Now it’s time to dive into the fun stuff; let’s brainstorm some blog post ideas.
We say “brainstorm” because you don’t need to get bogged down in the details right now. Instead, take a look at the information you’ve already created for your content strategy.
Using your buyer persona, buyer’s journey, and mission statement, make a list of as many blog post ideas as you can within a set timeframe. (We recommend 30 minutes or so.) Don’t edit your thoughts; you can always tweak the ideas later.
If you need help getting started, here’s a list of the Top 10 Insurance Industry Websites by Organic Traffic. You can peruse their blogs to see the types of posts they include. As a bonus, we’ve included each site’s target keywords, too.
How Many Blog Posts Should You Have Each Week?
It’s the number 1 question when it comes to blogging: How many blog posts should you have each week? Most
experts agree that more is almost always better.
But – and this is crucial – quality and consistency are more important than frequency.
In other words, it’s much better to have five helpful, authoritative, high-ranking blog posts than ten short, filler posts.
You should also take the time factor into account. According to Hubspot, it takes an average of 1 to 2 hours to write a 500 word blog post (which is a fairly short post; longer posts will obviously take more time). Time is money, so a higher volume posting schedule will obviously cost more of your marketing dollars.
What is an Editorial Calendar?
The editorial calendar is the last part of your content framework. This is a simple calendar that helps
you plan out your posting schedule. It should include the post title, target keyword, and the date you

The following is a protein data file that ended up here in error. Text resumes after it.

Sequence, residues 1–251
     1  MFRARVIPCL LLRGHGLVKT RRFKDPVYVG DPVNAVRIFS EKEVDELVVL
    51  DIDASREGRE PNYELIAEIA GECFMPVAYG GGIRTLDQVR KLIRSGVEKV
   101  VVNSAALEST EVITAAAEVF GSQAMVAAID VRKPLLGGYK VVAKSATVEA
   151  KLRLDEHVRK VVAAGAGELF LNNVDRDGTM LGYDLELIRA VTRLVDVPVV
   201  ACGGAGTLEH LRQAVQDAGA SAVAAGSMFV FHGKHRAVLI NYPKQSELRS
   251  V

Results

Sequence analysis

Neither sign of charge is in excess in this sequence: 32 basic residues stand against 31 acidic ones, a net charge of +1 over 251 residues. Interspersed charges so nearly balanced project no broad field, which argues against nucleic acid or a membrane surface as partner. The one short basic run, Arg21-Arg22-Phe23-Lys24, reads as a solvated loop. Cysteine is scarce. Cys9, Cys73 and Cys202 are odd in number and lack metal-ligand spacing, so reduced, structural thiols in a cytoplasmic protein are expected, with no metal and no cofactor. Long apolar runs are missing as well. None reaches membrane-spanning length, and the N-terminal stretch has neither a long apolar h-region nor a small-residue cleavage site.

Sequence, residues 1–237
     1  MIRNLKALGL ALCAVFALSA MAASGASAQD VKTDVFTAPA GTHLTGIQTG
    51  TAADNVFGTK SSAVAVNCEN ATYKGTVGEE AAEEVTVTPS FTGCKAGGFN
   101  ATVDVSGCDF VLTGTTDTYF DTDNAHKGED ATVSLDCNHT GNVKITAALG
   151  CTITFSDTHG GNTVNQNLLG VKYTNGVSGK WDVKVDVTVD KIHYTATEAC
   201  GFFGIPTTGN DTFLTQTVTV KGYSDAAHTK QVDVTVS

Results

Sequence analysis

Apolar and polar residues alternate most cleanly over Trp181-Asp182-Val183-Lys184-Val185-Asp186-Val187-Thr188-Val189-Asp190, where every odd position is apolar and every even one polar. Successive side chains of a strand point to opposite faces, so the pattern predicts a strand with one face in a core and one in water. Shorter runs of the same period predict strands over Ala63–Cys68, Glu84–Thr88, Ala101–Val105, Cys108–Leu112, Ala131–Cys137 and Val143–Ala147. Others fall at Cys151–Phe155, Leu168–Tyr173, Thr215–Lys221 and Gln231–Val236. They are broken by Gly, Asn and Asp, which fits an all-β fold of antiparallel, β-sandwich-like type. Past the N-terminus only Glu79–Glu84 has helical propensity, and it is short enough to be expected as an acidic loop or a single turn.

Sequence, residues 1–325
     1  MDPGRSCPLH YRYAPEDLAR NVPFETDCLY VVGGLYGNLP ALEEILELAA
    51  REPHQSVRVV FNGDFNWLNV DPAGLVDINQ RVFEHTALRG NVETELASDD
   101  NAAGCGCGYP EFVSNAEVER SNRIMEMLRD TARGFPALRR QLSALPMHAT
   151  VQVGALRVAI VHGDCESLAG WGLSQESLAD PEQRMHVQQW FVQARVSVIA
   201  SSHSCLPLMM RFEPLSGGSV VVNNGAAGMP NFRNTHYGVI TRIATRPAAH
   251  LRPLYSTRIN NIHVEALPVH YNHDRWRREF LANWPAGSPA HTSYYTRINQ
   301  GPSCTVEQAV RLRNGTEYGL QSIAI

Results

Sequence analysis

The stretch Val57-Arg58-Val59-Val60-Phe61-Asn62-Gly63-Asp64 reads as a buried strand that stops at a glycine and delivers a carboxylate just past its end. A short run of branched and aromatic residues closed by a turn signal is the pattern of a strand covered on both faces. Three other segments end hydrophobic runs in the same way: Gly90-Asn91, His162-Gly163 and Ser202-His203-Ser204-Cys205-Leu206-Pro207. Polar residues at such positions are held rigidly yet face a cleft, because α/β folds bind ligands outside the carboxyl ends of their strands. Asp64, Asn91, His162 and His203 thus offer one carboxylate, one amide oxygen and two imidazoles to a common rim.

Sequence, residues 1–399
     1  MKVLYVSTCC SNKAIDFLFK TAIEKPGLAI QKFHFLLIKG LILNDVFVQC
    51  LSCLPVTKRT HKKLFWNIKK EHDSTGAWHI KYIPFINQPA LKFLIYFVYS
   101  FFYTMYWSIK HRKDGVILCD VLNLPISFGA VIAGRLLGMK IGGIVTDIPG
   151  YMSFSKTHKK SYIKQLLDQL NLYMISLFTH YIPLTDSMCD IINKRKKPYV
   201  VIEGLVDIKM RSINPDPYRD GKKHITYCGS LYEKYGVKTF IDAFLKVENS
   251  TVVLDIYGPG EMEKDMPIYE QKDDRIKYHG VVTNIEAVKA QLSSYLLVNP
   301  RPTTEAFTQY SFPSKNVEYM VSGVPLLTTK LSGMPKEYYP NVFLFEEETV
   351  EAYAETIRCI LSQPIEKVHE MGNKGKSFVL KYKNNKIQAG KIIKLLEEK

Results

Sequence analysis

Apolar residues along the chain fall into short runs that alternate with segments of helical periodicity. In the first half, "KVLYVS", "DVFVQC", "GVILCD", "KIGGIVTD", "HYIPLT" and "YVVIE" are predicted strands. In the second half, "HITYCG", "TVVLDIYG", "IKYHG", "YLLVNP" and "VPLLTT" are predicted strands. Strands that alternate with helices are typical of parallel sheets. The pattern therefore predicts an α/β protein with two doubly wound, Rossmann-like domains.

plan to publish the content. You might also include the time of publishing if you’re posting more than
one item per day.
Here are some examples based on the Allstate blog:
1) "How to Replace Your Social Security Card”
Target keyword: replacement Social Security card
Date: September 21, 2020
2) “What’s the Difference Between Premium and Unleaded Gasoline”
Target keyword: difference between premium and unleaded gasoline
Date: June 10, 2020
3) “What Is the Difference Between a Sunroof and a Moonroof?”
Target keywords: difference between a sunroof and a moonroof | moonroof vs. sunroof
Date: January 31, 2020
When you’re making an editorial calendar, it’s best to plan at least one month at a time. This lets you
see the big picture so you’re better able to meet your content strategy objectives.
Some companies plan a quarter's (or even a year’s) worth of content at once.
We recommend starting with a month and adjusting later if necessary.
You can use anything to keep track of your calendar. A plain wall or desk calendar works well, but you should always have a digital backup. Trello is a great organizational option, but simple apps like Google Calendar or your smartphone calendar also work.
Of course, if you have more than one member of your team, everyone will need access to the editorial calendar so you stay on the same page.
Now it’s time to post your content. There are certain strategies you should consider to help streamline
this process and make the most of your marketing budget.
It takes time and money to post content. You can cut both by using an efficient strategy: repurpose your content.
How does this work, exactly? Well, you can take a blog post and turn it into a video. Use the key points to make an infographic that’s easily shared across social media channels. Use little snippets from the blog text to create Facebook posts or Tweets. You can even use a short sample of the blog content within a marketing email, then link to the blog post to keep readers engaged.
It’s cheap, it’s easy, and almost everyone uses this strategy.
Most blog posts seem to fall between 500 to 1,000 words or so. But have you ever read a post that seems